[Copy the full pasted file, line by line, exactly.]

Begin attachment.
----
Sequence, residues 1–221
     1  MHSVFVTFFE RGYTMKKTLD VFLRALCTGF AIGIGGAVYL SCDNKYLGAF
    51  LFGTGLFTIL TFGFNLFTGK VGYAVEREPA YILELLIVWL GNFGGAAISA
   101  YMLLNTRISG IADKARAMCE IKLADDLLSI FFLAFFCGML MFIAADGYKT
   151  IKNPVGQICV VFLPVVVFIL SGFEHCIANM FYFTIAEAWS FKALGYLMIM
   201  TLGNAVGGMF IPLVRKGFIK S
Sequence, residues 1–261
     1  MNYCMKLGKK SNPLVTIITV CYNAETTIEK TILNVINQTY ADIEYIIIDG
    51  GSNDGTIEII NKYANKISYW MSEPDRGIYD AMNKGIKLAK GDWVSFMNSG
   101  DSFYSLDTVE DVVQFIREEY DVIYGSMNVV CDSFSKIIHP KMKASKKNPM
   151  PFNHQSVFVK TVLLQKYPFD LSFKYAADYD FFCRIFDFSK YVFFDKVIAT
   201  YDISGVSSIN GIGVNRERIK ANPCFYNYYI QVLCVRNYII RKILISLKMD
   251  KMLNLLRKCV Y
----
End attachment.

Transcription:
Sequence, residues 1–221
     1  MHSVFVTFFE RGYTMKKTLD VFLRALCTGF AIGIGGAVYL SCDNKYLGAF
    51  LFGTGLFTIL TFGFNLFTGK VGYAVEREPA YILELLIVWL GNFGGAAISA
   101  YMLLNTRISG IADKARAMCE IKLADDLLSI FFLAFFCGML MFIAADGYKT
   151  IKNPVGQICV VFLPVVVFIL SGFEHCIANM FYFTIAEAWS FKALGYLMIM
   201  TLGNAVGGMF IPLVRKGFIK S
Sequence, residues 1–261
     1  MNYCMKLGKK SNPLVTIITV CYNAETTIEK TILNVINQTY ADIEYIIIDG
    51  GSNDGTIEII NKYANKISYW MSEPDRGIYD AMNKGIKLAK GDWVSFMNSG
   101  DSFYSLDTVE DVVQFIREEY DVIYGSMNVV CDSFSKIIHP KMKASKKNPM
   151  PFNHQSVFVK TVLLQKYPFD LSFKYAADYD FFCRIFDFSK YVFFDKVIAT
   201  YDISGVSSIN GIGVNRERIK ANPCFYNYYI QVLCVRNYII RKILISLKMD
   251  KMLNLLRKCV Y